I want the preface this post by assuring any and all readers that I am not the least bit bitter about Valentine’s Day. I did not take comfort in wearing black instead of oh-so-festive red, I did not post/reblog/laugh at internet memes boycotting the holidays, and I did not spend my day at home with a bottle of wine and a sappy movie.
My friends and I
celebrated Gal-entines day with the best of them, beginning with brunch and
ending out on the town in our fanciest party dresses, and I really enjoyed a
day of celebrating love between friends. New to this city, Valentine’s Day this
year was a wonderful reminder of how lucky I’ve been in the people I’ve met. As
we sipped our drinks at Red Lobster, (because what says love better than cheese
biscuits), I realized I haven’t felt this content with life in a long time. I’m
very glad that we as a culture designate a day to celebrate human
That said, especially as women, we put much too much
pressure on the holiday to confirm things about our lives that we already know.
My roommate (who is engaged, by the way) spent the entire day obsessing over a
package sent from her fiancé, even though we were snowed in and no mail was
being delivered. By the end of the evening, she had been reduced to a puddle of
insecurity on the couch, wondering if he’d forgotten her and sent her gift
late. Close friends of mine, both here and far away, waited impatiently for
their partner to call or text, his/her level of commitment gauged by how early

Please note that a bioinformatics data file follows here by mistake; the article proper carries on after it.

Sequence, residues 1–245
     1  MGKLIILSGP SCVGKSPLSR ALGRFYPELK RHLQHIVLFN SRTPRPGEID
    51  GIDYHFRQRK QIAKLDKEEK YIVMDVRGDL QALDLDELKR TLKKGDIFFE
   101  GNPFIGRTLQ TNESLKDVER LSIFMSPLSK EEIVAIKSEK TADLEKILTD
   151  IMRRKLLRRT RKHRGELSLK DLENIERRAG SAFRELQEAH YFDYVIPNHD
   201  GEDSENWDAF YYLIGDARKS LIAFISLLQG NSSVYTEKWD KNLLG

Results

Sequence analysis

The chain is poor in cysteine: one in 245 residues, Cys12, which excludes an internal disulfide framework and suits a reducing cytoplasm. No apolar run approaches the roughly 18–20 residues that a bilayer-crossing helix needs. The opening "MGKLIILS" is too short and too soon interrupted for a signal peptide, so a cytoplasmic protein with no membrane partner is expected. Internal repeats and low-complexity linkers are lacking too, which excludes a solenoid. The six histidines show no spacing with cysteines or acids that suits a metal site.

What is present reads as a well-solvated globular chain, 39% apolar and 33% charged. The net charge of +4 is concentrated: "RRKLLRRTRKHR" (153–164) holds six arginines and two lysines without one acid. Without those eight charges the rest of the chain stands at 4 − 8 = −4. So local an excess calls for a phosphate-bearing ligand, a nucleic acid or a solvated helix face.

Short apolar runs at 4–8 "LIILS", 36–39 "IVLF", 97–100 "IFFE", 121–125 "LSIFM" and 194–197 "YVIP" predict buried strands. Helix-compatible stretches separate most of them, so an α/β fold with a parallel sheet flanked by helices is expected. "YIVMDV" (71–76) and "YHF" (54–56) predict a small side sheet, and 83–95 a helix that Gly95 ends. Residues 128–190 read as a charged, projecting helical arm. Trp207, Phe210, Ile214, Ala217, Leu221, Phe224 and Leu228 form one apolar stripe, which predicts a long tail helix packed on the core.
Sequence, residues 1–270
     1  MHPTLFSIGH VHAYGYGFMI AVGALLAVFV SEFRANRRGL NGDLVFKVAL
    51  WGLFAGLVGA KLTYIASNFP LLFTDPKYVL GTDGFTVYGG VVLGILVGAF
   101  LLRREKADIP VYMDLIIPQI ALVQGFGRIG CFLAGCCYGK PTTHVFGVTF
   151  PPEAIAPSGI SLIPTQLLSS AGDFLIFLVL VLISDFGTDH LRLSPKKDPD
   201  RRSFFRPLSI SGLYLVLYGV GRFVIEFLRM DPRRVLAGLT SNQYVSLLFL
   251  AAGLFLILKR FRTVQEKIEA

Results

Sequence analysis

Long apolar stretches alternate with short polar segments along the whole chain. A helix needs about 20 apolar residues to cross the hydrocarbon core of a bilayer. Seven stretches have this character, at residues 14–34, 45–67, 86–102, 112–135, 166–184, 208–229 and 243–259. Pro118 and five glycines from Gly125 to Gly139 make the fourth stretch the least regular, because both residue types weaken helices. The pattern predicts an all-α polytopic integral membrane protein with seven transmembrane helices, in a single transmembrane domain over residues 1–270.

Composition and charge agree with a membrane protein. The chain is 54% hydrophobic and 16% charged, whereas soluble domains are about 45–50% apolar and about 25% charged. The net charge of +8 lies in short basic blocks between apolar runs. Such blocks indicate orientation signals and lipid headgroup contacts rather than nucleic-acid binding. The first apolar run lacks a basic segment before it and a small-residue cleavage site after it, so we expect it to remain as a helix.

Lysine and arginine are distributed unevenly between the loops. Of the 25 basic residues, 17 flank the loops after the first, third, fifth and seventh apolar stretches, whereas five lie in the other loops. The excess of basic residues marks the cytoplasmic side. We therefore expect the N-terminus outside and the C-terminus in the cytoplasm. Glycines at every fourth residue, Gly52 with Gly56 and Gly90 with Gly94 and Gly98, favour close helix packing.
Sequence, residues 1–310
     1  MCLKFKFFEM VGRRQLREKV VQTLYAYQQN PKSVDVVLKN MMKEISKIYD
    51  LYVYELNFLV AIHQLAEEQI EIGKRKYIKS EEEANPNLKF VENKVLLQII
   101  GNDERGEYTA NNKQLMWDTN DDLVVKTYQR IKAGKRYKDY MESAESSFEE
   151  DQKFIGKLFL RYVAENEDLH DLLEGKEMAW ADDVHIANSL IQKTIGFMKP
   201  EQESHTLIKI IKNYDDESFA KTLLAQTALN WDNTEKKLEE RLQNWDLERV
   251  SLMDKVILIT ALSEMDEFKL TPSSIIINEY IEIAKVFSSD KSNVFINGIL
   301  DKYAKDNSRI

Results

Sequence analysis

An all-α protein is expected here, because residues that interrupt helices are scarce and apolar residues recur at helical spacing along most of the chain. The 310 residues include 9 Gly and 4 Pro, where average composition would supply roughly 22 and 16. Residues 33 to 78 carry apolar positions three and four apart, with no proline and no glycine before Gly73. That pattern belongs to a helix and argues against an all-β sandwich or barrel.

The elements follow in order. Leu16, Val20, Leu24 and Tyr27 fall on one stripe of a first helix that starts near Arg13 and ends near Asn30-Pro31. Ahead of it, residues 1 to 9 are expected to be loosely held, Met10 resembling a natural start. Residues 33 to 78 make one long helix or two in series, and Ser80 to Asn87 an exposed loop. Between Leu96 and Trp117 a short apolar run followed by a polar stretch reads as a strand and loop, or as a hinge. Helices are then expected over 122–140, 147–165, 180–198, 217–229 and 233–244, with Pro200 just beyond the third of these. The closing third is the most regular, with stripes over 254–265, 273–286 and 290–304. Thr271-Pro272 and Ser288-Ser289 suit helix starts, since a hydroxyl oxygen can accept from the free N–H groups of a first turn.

in the morning the message was received. My Facebook news feed became a
competition of whose bouquet of flowers was the largest, or sent from the
greatest distance. A woman I know actually took a picture of her flowers next
to a reference object, so that there could be no possible doubt that hers was actually the biggest possible bouquet of
flowers posted on the internet. Her man had done her proud, affirming their love in the most ostentatious way he could.
Why do we do this to ourselves? Why has Valentine’s Day
become such a competitive, hetero-normative, and materialistic status symbol of
a holiday? Is this really about relationships anymore, or is it about proving how
much we’re worth, both to each other and ourselves?
I want to remind everyone that love is not a competition. At
its best, this holiday is about celebrating the happiness that is the
realization that we are not alone. It is the blessing that comes from reminding
those special to us how much we care about them. It is joy that comes from
dressing up and going out to a fancy dinner with your partner, or just
snuggling on the couch with friends. There is no need to gauge your place in
the grand scheme of life based by how far someone else has gotten; that would
only work if we were all the same. Everyone’s story is different, and we all
find love in different ways.
In the spirit of trying new things in the New Year, (a
resolution made between friends), I’m not going to let perceived inadequacy
detract from all the beautiful things in life. I’m not going to acknowledge
the imagined standards set by a culture that gauges all things by
competition, where true happiness is only possible if I’m on the most expensive
date with the most expensive dress and the most gorgeous mate. I’m not going to
let expectations detract from the happiness I’ve gained in the past year.
instead going to revel in the beauty that is my life, happy that yesterday I had the chance to remind people how truly special they are to me. Or at least, I'm going to try.
Happy Valentine’s Day, world.